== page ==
The Art of Pension Hopping

Advisor Perspectives welcomes guest contributions. The views presented here do not necessarily represent those of Advisor Perspectives.

Clients who are unlikely to complete a traditional 30-year defined-benefit pension and are willing to pursue an un-orthodox strategy of switching work locations, continually re-purchasing prior service completed in another location will increase their work options, their retirement security and their overall pension income.

The 401(k) has won out, and defined benefit plans are becoming extinct. But, if one is fortunate enough to have a defined-benefit plan, becoming ‘vested’ is usually the goal. Vesting usually occurs within three to 10 years, and assures the participant that a pension is guaranteed to themselves and/or their heirs. 

It seems heretical to suggest there can be value in not being vested, but in certain cases, it’s true.  As this article will show, if the pension plan allows previous similar service to be purchased, then job-hopping participants can increase their retirement income and security by not being vested.


Consider the hypothetical case of Ms. Falta D’Nero, who at one time had a mid-six figure 401(k) plan.  At 21, she graduated from an Ivy League college, worked two years to gain experience and, at 25, armed with an MBA, she landed a job on Wall Street. For the next 20 years she climbed the corporate ladder, and bought a beautiful house in nearby New Jersey. 

However, six years ago the Great Recession knocked her off the corporate ladder. With her severance pay, her year of unemployment compensation, and her 401(k) plan, she thought locating another corporate job at her former level wouldn’t be a problem. A year ago, with her severance long gone, her unemployment cut off and her 401(k) plan down to a five-figure “201(k)” plan, she realized that is she facing not only an outdated skill set in the marketplace, but also possibly ageism, as she has had no nibbles to her job search in years. 

She switched tracks to pursue a career she had considered in college: secondary math teacher. Being bilingual helped, so over the last year she completed her student teaching and became certified in the high demand area of bilingual math Instruction. At 51, she is ready to start teaching, and wanted to know what her New Jersey pension would be. She realized that she will probably have to work past her normal Social Security retirement age of 67, but refused to work past age 69.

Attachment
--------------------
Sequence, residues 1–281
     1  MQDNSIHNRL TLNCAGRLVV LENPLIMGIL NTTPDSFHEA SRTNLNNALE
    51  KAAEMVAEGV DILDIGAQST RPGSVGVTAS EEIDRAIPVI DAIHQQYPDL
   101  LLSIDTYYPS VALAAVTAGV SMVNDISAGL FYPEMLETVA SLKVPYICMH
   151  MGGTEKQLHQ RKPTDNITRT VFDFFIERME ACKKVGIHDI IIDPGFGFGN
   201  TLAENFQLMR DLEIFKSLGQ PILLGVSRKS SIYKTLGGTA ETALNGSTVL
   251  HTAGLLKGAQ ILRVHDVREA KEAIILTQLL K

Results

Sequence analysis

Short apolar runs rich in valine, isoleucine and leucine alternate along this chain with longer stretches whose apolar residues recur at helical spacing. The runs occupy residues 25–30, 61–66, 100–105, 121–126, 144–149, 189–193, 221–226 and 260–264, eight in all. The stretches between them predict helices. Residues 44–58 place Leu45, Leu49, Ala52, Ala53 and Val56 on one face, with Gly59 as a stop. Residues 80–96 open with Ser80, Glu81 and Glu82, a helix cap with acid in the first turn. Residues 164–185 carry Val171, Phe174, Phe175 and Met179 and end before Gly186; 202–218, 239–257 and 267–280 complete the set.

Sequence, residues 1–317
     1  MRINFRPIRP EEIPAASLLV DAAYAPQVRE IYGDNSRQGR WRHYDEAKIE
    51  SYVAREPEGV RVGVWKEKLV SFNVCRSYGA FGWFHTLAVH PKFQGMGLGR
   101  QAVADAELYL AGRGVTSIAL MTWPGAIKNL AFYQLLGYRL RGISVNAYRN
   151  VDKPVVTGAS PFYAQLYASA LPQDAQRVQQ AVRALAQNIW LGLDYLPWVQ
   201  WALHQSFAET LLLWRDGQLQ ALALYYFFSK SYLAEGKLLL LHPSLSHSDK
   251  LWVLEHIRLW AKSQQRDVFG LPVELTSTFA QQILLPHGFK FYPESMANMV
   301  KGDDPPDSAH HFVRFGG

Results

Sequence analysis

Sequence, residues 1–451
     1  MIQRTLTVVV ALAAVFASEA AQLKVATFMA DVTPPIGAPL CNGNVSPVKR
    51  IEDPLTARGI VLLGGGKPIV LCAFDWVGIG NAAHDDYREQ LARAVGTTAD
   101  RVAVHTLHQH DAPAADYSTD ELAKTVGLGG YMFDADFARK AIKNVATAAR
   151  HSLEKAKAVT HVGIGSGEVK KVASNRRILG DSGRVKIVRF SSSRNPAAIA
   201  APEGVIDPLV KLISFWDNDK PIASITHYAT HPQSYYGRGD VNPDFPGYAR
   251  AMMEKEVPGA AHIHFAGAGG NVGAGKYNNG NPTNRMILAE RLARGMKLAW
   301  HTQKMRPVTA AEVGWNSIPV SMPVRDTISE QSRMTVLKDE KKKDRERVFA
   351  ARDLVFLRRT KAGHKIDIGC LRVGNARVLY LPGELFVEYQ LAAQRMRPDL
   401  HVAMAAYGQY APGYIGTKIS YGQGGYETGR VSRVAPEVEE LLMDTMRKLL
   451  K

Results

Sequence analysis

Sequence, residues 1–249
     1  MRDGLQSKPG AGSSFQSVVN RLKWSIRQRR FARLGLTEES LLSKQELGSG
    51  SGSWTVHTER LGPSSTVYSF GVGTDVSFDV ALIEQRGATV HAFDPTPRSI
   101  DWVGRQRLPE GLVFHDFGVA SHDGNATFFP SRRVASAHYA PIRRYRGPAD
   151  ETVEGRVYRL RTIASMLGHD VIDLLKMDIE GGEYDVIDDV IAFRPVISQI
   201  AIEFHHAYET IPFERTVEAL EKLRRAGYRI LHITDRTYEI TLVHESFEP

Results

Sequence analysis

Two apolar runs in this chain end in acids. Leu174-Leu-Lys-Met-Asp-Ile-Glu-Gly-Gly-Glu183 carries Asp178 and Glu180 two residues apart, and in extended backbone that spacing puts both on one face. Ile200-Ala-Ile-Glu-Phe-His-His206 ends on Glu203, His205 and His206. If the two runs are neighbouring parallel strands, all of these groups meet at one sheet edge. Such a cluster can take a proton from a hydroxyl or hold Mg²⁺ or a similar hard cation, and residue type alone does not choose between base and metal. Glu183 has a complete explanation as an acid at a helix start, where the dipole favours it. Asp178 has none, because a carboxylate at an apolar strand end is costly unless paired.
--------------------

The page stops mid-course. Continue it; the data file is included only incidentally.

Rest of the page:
At this point, many readers might wonder why Falta doesn’t simply aim to ”power save” and then retire at 67. According to Quinn (2013), Falta can accomplish this by simply ramping up the amount contributed to her upcoming 403b(7) plan. Falta was always a saver and is open to power saving, but on her future teacher income she doesn’t know how much she can realistically save.  Moreover, recent events have convinced her that while having a tax-deferred retirement savings plan is nice, the returns can be disheartening at precisely the point when they are needed the most. Her plan is that any monies accrued in a deferred retirement plan will be considered extra, but a pension and social security will form most of her retirement income.

New Jersey’s pension plan has undergone several reforms under Governor Christie: new workers since 2011 come in under Tier 5. Along with a residency and full-time work requirement, Tier 5 participants are vested with 10 years of service, and can collect a pension at age 65. To calculate a pension under Tier 5, take the number of years of service divided by 60, then times that number by the average of the last five years’ salary. Falta hopes to work in the nearby Ridgewood school district. If she were to start working this year and work for the next 18 years, her multiplier to calculate her pension would be 18/60, or a 30% pension. Ridgewood’s contract can be found here, and is shown below:

Teacher Salary Guide for 2014-2015